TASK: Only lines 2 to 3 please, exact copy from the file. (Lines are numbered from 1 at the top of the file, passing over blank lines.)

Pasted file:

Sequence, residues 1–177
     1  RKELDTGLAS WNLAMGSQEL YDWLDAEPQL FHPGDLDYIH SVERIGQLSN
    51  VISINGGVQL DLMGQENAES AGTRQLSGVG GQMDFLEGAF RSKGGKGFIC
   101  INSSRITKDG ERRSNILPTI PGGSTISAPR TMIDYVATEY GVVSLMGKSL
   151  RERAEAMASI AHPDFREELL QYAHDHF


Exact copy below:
     1  RKELDTGLAS WNLAMGSQEL YDWLDAEPQL FHPGDLDYIH SVERIGQLSN
    51  VISINGGVQL DLMGQENAES AGTRQLSGVG GQMDFLEGAF RSKGGKGFIC